Do be warned, though: If you plan on showing Grimms’ Fairy Tale Classics to your kids, or plan on watching it yourself, don’t expect it to be a cutesy, rosy affair like the various Disney movies, because not only is this series more faithful to their original sources, this means that they are dark. Granted, Saban censored a lot of the darker parts in the English dub, and there are some episodes that are equally sugary or comedic, such as Little Red Riding Hood or The Marriage of Mr. Fox, but many of them are not only dark in their atmosphere, but their themes as well. In the Japanese version, at least, when characters get cut, blood appears without censorship. Many fairy tales depicted show death, cruelty, questionable ethics, moral conflicts, and murder as huge themes, and several of them have genuinely scary imagery, like monsters being melted alive in graphic detail, or characters being injured, abused, or even murdered. One episode, The Coat of Many Colors, shows the main character, Aleia, experiencing what is basically PTSD after her mentally insane father tries to force her to marry him before accidentally killing himself. One episode even shows a naked preteen boy, complete with an uncensored penis. Yes, really. Of course, Japan has always had less restrictive standards on what’s appropriate for kids shows compared to countries like America and Canada. But again, I always respect Japan’s kids cartoons for going against the grain. It’s what made me love anime in the first place, but some parts were a little much, such as, again, the brief instance of child nudity.

As far as the technical aspects go, Grimms’ Fairy Tale Classics is…okay. The animation tends to fluctuate at times, with some episodes being very well animated and others…not so much. In one episode, The Frog Prince, the titular frog is chased around the dining room by a dog, and one frame shows a woman’s hair flying wildly…and being frozen in place while the animals are chasing each other. I’m pretty sure hair, when blown upward, doesn’t just stay in place in mid-air. It doesn’t help that sometimes the character designs change in every episode, what with every episode being standalone retellings of different fairy tales. Some characters will look more realistic, while others are deliberately more cartoony with dot eyes and overexaggerated expressions. This isn’t necessarily a bad thing, as this makes each adaptation of each fairy tale stand out. But don’t expect everything to look completely the same in every episode. I also find the music to be rather mixed as well. I mean, overall the soundtrack is fine, but often times it uses a weird variety of modern instruments, like electric guitar and synthesizers, making the more medieval-focused fairy tales feel weirdly anachronistic. It also doesn’t always match the mood of a scene either. In one episode, Bearskin, weirdly comedic music plays right after a man’s suicide attempt is interrupted.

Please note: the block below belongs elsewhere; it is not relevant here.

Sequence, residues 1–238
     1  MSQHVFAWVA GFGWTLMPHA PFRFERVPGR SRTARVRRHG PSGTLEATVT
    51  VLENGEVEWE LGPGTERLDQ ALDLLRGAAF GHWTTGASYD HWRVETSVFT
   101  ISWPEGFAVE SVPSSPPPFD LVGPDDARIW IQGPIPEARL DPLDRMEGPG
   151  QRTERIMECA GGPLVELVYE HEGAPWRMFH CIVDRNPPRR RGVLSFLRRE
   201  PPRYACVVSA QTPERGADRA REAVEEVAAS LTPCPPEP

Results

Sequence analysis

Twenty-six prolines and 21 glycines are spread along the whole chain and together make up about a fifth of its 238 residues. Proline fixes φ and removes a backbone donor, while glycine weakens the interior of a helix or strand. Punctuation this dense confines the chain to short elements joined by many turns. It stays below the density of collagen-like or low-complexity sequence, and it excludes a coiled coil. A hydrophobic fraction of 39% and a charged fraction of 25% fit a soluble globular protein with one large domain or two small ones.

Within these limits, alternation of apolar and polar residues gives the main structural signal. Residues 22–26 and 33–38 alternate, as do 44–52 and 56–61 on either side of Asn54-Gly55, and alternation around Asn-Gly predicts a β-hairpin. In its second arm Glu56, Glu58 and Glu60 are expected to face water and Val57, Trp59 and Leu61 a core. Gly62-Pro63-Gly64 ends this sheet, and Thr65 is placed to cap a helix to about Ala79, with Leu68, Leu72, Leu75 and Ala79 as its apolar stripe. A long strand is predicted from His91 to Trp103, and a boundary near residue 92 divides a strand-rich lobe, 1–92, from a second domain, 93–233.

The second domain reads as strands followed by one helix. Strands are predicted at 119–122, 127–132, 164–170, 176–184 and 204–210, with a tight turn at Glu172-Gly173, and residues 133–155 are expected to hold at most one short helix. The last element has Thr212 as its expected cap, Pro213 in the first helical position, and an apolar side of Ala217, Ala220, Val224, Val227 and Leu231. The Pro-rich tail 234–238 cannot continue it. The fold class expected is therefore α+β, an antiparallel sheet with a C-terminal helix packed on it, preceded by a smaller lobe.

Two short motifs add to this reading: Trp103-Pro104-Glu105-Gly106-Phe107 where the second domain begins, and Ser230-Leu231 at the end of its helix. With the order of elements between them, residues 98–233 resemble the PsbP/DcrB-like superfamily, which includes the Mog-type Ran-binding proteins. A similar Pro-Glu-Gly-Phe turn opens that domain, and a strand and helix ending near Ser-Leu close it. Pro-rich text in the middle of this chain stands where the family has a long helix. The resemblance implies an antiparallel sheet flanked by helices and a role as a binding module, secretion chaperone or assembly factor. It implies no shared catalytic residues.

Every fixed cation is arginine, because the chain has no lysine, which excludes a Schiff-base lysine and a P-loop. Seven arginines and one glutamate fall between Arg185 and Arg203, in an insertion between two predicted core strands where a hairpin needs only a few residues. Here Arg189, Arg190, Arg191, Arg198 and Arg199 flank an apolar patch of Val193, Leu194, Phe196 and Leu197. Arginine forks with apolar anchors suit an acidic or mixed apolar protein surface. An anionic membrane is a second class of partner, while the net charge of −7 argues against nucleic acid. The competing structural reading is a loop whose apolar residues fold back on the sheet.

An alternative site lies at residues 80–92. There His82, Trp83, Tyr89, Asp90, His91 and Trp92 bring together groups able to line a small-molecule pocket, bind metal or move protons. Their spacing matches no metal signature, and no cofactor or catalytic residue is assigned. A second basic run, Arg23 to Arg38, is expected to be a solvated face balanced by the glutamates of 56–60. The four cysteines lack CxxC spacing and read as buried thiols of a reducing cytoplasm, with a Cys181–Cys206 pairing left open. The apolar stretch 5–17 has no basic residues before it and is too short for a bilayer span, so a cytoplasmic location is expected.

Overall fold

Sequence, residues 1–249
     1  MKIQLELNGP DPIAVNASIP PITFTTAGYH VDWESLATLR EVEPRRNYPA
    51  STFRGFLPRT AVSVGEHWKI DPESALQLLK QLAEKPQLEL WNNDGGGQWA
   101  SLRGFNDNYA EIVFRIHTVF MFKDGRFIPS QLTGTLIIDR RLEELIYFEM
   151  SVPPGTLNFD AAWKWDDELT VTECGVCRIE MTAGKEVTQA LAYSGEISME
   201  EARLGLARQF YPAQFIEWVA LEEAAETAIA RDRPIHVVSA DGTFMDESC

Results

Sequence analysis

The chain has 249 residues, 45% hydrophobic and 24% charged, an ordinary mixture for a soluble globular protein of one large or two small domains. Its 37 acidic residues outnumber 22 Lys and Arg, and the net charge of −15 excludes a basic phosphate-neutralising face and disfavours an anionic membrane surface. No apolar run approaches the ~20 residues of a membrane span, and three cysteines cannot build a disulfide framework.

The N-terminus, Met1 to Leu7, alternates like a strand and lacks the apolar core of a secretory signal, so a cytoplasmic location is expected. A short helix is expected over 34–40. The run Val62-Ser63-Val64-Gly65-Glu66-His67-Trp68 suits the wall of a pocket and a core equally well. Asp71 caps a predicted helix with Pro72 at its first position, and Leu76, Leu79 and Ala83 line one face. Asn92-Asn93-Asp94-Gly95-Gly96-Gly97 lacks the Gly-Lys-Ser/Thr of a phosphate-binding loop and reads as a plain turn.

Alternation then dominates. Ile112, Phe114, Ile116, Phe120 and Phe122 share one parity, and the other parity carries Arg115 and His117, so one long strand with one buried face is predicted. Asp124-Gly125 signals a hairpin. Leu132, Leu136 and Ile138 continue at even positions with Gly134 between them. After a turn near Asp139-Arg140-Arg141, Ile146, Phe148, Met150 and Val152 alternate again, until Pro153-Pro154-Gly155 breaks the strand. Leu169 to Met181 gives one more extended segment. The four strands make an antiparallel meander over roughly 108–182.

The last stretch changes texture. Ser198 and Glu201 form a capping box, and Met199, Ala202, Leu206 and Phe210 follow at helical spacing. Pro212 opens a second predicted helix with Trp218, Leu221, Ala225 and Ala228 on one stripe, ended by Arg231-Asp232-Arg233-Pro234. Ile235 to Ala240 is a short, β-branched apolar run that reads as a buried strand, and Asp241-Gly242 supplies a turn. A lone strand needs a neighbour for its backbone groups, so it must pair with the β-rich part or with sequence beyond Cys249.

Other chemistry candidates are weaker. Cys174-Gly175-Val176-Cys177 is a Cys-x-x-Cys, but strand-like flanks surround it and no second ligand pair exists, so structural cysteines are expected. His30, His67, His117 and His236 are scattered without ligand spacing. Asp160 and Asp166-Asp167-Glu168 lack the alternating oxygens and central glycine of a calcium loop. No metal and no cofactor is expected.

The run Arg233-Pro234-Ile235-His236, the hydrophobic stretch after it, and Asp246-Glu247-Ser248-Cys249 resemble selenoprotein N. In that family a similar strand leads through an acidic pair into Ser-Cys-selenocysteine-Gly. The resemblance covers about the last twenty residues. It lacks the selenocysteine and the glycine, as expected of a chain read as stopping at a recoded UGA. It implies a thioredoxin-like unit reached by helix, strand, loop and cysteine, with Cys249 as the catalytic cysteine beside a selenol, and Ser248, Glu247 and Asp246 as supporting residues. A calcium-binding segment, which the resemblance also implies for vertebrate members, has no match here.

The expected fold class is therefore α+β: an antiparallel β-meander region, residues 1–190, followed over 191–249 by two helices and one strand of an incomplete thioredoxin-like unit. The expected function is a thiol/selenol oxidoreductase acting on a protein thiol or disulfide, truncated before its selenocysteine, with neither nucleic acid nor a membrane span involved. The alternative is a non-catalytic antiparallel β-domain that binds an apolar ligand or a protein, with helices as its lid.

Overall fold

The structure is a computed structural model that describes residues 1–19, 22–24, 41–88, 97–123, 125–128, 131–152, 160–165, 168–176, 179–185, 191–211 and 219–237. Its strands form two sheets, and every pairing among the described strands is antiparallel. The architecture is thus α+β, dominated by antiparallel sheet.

You’re not going to find much in the way of character development here as, again, every episode focuses on a different fairy tale, rather than one singular narrative with one set of characters. Honestly though, many of the adaptations go out of their way to expand on the original fairy tales, giving characters much more characterization than they did in their original sources. For example, in Snow White and Rose Red, the hunter, who is the bear’s brother, doesn’t do much in the original fairy tale other than get married to Rose Red, but here, he’s given an actual personality and time to get to know Rose Red before they marry at the end. This is especially prevalent in Snow White, which is the only fairy tale to be given four whole episodes rather than one or two, and because of this, I think it’s the best adaptation of Snow White. For one, the actual character of Snow White actually has a personality and is much more three-dimensional compared to, say, Disney’s Snow White. I also found the dwarves to be pretty likeable as well, even if the show couldn’t focus on all of them (Monday/Chick is my favorite out of them. He’s best dwarf!).